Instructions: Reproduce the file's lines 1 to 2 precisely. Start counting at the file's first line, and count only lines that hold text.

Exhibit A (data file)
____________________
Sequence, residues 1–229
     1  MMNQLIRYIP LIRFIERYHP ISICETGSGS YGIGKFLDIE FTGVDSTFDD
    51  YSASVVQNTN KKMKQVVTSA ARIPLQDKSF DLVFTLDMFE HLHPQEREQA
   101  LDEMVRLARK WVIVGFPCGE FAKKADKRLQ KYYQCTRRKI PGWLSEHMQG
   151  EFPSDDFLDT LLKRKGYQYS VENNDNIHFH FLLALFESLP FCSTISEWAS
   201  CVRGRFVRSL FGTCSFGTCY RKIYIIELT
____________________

Sequence, residues 1–229
     1  MMNQLIRYIP LIRFIERYHP ISICETGSGS YGIGKFLDIE FTGVDSTFDD